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One possibility is the integration by substitution formula. But this doesn't explain why $\int_1^{\infty}x^{-3}dx$ is easy to evaluate (and rational) whilst $\sum_1^{\infty}n^{-3}$ is unknown (and seemingly not a simple combination of well known numbers). It is true that $x^{-3}$ has a simple inverse derivative whilst $n^{-3}$ does not have a known simple inverse difference, but is there more to it than that?

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I am not sure I find the assertion in the title obviously true –  Yemon Choi Feb 18 '11 at 1:00
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It seems that many of your questions have a title "Why is X?" where the premise X involves subjective judgment ("easy"; "important"; "rigorous") and in some cases seems debatable rather than self-evident... –  Yemon Choi Feb 18 '11 at 1:05
    
I am open to suggestions. Would questions of this nature be welcome at mathstackexchange? Do you think it best if I not ask questions here again? –  teil Feb 18 '11 at 5:08
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To continue with Yemon's point. Why is $\sum_{m=0}^{\infty} \frac{1}{\Gamma(m+1)}$ easier to evaluate than $\int_0^{\infty} \frac{1}{\Gamma(t+1)} dt$? In particular is anything known about my integral? –  Helge Feb 18 '11 at 5:32
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What's in a name? That which we call Negative refraction by any other word would smell as sweet. –  Yemon Choi Feb 18 '11 at 6:39

7 Answers 7

up vote 31 down vote accepted

Well, some things are easier in one place, and other things are easier in the other. The many assertions in answers that integrals of $x^n$ are easier than the corresponding sums is misleading. In the continuous world, $x^n$ is a very natural object. In the discrete world, however, the natural object is the falling factorial: $x^{\underline{n}}$ is defined as $x(x-1)\dots(x-n+1)$. Compute the derivative of $x^{\underline{n}}$ and you get a mess. Compute the forward difference and you get the beautifully simple $f(x+1)-f(x) = (x+1)^{\underline{n}} - x^{\underline{n}} = n x^{\underline{n-1}}$.

That is, $$\sum_{i=1}^n i^9= \frac{1}{20} n^2 (n+1)^2 \left(n^2+n-1\right) \left(2 n^4+4 n^3-n^2-3 n+3\right)$$ is a little messy. Certainly messier than $\int x^9 dx$. On the other hand,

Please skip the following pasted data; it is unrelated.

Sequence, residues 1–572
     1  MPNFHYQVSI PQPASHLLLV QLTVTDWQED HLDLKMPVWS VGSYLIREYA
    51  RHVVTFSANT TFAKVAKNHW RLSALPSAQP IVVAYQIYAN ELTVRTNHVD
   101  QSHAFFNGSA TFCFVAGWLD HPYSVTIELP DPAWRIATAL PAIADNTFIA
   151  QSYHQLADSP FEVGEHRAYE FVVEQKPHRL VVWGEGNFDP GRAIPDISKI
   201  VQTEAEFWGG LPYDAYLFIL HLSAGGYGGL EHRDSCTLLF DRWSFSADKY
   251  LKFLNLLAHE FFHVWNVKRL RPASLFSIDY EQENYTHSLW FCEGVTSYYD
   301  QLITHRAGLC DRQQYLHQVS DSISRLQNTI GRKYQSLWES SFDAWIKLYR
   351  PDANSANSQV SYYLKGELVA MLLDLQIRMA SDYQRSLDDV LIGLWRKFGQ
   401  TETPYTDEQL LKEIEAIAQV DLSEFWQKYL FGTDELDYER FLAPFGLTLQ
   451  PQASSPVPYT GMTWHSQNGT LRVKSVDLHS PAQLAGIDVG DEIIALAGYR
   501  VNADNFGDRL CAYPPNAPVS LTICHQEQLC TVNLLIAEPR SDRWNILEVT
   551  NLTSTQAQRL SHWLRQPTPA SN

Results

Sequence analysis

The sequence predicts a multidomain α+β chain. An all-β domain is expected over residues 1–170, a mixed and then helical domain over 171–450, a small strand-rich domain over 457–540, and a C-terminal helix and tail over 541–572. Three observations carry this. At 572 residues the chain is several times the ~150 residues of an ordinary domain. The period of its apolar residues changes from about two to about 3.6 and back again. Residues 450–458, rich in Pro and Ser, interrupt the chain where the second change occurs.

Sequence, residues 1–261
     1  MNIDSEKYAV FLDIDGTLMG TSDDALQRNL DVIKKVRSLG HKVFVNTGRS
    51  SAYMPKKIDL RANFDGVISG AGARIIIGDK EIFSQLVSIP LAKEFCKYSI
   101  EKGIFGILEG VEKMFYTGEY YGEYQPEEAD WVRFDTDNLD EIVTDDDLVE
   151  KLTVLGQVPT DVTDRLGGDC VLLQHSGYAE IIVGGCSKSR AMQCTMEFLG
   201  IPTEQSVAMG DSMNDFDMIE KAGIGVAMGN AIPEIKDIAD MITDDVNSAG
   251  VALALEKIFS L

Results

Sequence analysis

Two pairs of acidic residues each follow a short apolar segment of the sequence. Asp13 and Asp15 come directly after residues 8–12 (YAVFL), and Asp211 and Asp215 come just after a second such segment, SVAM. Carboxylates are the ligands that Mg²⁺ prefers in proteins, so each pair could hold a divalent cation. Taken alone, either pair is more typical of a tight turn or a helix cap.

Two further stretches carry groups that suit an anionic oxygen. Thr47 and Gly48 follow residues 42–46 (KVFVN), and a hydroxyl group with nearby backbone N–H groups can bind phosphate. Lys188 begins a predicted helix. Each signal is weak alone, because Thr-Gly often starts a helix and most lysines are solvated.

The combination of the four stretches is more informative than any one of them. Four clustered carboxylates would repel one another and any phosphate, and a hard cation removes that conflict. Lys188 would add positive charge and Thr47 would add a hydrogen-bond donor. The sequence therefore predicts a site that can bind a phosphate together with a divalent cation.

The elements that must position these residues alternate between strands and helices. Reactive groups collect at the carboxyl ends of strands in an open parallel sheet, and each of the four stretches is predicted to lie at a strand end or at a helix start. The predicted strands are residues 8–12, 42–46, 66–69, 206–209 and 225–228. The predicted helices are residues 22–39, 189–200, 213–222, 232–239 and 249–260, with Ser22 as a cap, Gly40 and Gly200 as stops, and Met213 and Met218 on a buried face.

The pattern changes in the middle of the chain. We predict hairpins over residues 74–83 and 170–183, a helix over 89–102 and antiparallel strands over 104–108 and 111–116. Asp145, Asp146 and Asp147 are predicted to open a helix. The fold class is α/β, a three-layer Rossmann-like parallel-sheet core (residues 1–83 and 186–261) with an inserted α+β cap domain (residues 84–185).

$$\sum_{i=1}^n i^{\underline{9}} = \frac1{10} (n+1)^{\underline{10}}.$$ while the integral $\int x^{\underline{9}}dx$ is bad enough that I dare you to work it out by hand.

The truth here is that the discrete world is often easier (and more fundamental, too), but history has prejudiced us to be more familiar with the continuous world. Zeilberger (who else?) has written passionately about this, and if you know of other sources for discrete calculus (online or off) please add them as comments to this answer!

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Graham, Knuth, and Patashnik, Concrete Mathematics, is another good source for discrete calculus. –  Michael Lugo Feb 18 '11 at 6:59
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+1 for the dare, LOL! –  Todd Trimble Feb 18 '11 at 15:44
    
+1 for the LOL! –  J.C. Ottem Feb 19 '11 at 2:39
    
There's an elementary but charming and short exposition here: cs.purdue.edu/homes/dgleich/publications/… by D. Gleich –  Marius Kempe Jan 12 at 4:09

This is a layman's answer. I'm by no means near an expert on integrals.

My first reaction to this question was that I am not sure that I agree and that since sums are integrals, this does not even make sense. Then I realized that the statement can be rephrased as

Continuous functions are easier to integrate than discontinuous ones

If we put it that way then perhaps the answer is

a) a lot of things are easier to do with a continuous function, or

b) in particular it is easier to find the indefinite integral of a continuous function than of a discontinuous one. Especially since the second one cannot have a nice anti-derivative (For instance it cannot be continuously differentiable for one).


Disclaimer This is a soft-answer and is not intended to contain mathematically rigorous statements or self-evident truths.

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"Almost anything is easier to do with a continuous function" Can you justify this? –  Martin Brandenburg Feb 18 '11 at 10:33